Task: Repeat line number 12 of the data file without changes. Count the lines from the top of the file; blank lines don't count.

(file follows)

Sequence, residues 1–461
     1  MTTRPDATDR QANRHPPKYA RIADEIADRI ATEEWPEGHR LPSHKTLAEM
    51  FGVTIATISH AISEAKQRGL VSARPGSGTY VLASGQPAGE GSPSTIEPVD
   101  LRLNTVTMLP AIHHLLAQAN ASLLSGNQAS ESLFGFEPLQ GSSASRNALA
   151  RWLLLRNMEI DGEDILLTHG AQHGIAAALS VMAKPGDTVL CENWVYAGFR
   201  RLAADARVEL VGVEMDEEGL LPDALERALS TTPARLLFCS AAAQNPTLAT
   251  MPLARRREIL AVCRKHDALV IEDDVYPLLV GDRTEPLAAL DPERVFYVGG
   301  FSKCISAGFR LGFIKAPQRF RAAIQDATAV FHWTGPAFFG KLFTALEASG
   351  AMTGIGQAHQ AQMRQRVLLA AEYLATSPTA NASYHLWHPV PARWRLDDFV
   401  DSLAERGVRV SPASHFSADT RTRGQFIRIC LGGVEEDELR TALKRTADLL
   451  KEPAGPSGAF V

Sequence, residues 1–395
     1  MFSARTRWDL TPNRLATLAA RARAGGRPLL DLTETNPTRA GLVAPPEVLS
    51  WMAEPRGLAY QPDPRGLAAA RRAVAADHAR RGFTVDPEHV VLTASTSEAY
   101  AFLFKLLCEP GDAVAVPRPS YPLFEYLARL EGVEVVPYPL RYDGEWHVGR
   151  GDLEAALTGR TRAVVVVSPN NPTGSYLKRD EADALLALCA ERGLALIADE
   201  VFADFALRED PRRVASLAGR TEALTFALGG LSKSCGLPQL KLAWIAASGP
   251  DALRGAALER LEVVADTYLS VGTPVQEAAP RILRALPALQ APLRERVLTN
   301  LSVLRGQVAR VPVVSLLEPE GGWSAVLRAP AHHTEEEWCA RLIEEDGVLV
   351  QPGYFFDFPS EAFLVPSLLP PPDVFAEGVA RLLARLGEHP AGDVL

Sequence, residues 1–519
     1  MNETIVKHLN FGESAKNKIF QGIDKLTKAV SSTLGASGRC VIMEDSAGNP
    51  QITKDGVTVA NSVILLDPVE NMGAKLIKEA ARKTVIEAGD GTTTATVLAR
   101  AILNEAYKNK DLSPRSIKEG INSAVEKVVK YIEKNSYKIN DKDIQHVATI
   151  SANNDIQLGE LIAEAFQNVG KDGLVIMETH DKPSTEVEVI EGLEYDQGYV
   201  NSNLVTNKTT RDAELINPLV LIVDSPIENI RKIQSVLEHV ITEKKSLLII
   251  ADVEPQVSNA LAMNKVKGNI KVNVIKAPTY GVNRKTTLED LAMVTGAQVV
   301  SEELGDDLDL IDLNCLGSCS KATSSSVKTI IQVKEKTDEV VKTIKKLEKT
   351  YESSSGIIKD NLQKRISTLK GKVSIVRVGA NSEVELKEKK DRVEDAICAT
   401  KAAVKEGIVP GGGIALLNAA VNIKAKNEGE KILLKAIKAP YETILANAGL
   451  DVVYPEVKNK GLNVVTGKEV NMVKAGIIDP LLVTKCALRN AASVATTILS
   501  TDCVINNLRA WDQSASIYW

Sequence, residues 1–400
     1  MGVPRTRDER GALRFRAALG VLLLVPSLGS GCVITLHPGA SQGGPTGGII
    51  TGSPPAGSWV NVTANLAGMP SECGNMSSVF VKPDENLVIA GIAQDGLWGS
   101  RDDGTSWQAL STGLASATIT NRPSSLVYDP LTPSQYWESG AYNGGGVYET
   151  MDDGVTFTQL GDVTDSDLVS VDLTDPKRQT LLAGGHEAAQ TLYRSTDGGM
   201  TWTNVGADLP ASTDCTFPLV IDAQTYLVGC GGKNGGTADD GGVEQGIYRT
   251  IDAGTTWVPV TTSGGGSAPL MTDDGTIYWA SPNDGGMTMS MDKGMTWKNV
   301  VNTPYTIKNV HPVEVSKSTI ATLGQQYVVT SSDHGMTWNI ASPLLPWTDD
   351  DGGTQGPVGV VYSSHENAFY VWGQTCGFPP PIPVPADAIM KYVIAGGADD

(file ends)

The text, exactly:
Sequence, residues 1–395